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TUCoPS :: Radio :: secsig.txt

Secret Signals (Satellite Telephone Taps)




<< Secret Signals >>

     These were articles written by Texas Star. They involve capturing microwave frequencies via a home parabolic dish, a satellite tv antenna.

     Our understanding of satellite transponders are usually in terms of video (and audio), but satellite transponders (channels) are also capable of carrying wide range, high fidelity radio channels, audio newswire feeds, special news teletypewriter channels, high speed stock market and commodity exchange data feeds, private telephone and oth
er audio channels, and new teletext data services that bring "electronics newspapers of the air" to ordinary tv sets nationwide.
     The basic NTSC (National Television Standards Committee) color tv system requires a communications channel with a bandwidth of 6 MHz. Considering that an ordinary telephone conversation takes up a communications channel whose bandwidth is only 3000 Hz (or 3 KHz), it would be possible to squeeze 2000 such voice conversations onto a single video circuit! This in fact is done re
gularly through a technique known as multiplexing. Because the communications satellites share the same sets of microwave frequencies as to terrestrial telephone company microwave communications relay circuits, an unacceptable amount of interference would occur if some additional technique were not used effectively to seperate the two conflicting microwave signals. Although the communication satellite's transmitter is 22,300 miles away, the telephone company's nearest microwave system may only be three bloc

ks down the street, and an antenna pointed out to space would still pick up the undesired telephone signal coming from a half-mile away. The satellite carriers solve this problem by dispersing the 6 MHz video signal over a 36 MHz bandwidth, spreading out the 6 MHz tv signal so that it takes up a much greater bandwidth than ordinarily required. By using this technique, any terrestrial microwave interference present in a 6 Hz piece of the total 36 MHz spectrum will be effectively ignored in the signal detecti

on process. So, although satellite transponder channels appear to be 36 MHz wide and are spaced at 40 MHz intervals (including a 4 MHz guard-band of unused space seperating each transponder (channel) from its upper and lower neighbors), the effective width of the satellite transponder is limited to far less than that. Typically no more than 8-10 MHz of bandwidth is ever used, and an ordinary U.S. color tv signal takes up no more than 6 MHz of space. Since satellite transponders are not limited to carrying j

ust a 6 MHz tv channel, additional 'secret' signals are often inserted between 6 MHz and 10 MHz.
      Audio and data signals that take up less than a full video channel's spectrum are typically known as subcarriers; these are simply frequency-modulated carriers of narrow bandwidth that either take the place of the video signal (when the transponder is not used for carrying tv pictures) or are combined with a video carrier to provide for simultaneous video and audio data feeds. The normal audio portion of a
 tv program is placed onto a subcarrier ranging from 5.41 MHz to 7.5 MHz, depending on the satellite. In the North American NTSC color format, a special 3.5 MHz color burst subcarrier containing the color video information is also present in the overall tv signal's spectrum, and in the European PAL and Secam color tv systems, this color information is found instead on a 4.33 MHz subcarrier.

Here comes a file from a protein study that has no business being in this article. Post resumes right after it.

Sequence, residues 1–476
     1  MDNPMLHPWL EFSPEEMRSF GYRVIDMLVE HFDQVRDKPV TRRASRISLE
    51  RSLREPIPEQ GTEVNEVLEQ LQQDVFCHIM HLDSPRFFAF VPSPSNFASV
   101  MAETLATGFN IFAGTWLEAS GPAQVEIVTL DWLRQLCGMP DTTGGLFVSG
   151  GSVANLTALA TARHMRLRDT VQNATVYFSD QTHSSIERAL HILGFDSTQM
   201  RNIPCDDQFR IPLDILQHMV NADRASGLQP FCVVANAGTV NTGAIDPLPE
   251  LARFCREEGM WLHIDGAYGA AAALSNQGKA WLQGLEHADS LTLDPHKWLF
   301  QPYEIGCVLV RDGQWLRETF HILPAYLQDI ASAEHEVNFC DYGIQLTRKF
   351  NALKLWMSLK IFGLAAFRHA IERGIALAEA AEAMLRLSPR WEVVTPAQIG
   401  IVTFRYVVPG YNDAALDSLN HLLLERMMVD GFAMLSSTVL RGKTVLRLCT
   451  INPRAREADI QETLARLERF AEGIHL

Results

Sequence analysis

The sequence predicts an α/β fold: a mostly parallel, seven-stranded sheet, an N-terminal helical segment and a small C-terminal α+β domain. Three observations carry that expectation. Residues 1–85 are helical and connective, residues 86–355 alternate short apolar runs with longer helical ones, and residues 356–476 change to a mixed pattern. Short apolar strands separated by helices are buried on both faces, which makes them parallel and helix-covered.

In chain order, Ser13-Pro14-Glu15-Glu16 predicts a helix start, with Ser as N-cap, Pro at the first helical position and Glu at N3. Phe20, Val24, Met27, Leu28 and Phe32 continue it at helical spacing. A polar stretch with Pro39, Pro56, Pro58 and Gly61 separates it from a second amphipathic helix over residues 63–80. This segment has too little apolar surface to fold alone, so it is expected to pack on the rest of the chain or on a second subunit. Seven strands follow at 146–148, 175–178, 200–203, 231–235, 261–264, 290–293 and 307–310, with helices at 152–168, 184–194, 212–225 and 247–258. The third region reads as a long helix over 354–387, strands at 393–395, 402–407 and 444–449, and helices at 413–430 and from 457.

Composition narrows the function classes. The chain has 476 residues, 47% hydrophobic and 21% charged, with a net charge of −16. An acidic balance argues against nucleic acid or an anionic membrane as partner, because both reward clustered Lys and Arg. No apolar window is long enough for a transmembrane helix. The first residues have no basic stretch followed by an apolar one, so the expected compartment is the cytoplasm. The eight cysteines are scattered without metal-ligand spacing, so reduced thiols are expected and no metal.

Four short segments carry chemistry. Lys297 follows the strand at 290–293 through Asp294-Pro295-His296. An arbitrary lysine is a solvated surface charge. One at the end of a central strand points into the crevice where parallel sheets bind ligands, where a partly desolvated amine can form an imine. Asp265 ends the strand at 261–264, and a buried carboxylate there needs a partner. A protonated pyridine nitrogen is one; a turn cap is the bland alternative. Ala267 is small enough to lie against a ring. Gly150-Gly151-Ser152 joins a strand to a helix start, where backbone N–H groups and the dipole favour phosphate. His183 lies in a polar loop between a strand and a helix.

Ordinary tv sets have special color decoder circuits that look for their respective color burst signals to recons
truct the necessary coloring information of the transmitted picture. Since the tv signal itself only requires a portion of the full baseband frequency spectrum to transmit and receive a color video picture, any frequency above approximately 4.2 MHz may be used to carry further unrelated audio or data channels. In the RCA Satcom satellite systems, 4 subcarriers at 5.8, 6.2, 6.8, and 7.4 MHz are available for use, one of which transmits the program audio channel. Thus, on Satcom F-3R, transponder 3 carries no

t only the video and audio portions of the WGN-TV signal from Chicago, but also the Fine Arts WFMT stereo-FM radio station from Chicago on a 5.8 MHz subcarrier, and a Seaburg music channel on a 7.6 MHz subcarrier.
     Most of the home satellite video receivers allow for a front panel switch selection of the program audio, which is placed on a subcarrier at either 6.2 or 6.8 MHz, depending on the satellite used (RCA Satcom satellites use 6.8 MHz for the program audio subcarrier). A number of receivers provi
de a variable tuning audio knob to allow any subcarrier to be decoded from 5.8 to 7.4 MHz. This type of receiver, such as the KLM Sky-Eye 4, can pick up not only the audio of a tv program, but also the other 'secret' audio signals transmitted over the same transponder.
     When a transponder is not used to relay a tv signal, then the portion of the spectrum ordinarily reserved for the tv video can be used to carry other audio and data signals instead. In normal telephone company parlance, this technique of
 squeezing multiple signals onto a single transponder, or carrier, is known as multiplexing, and the most common type employs a technique called single-sideband modulation. In this process unrelated audio or data signals are simply stacked up in ascending frequency, one above the other.
     Normal telephone channels have a bandwidth of 4000 Hz (4 KHz), the very highest frequency that a human vocal cord can generate. A single telephone circuit (carrier) is combined with 11 others to form a group of 12 voice
 conversations. Five groups with a total bandwidth of 240 KHz when combined together form a supergroup. A supergroup of these 60 voice circuits can be delivered directly to the satellite-coupling earth-station transmitter where they can be inserted from 0 MHz up to 10.75 MHz - the maximunm upward usable limit of the satellite transponder's frequency spectrum. A master group consists of 5 supergroups combined together, or 300 seperate audotelephone channels. A group occupies 48 KHz of bandwidth, a supergroup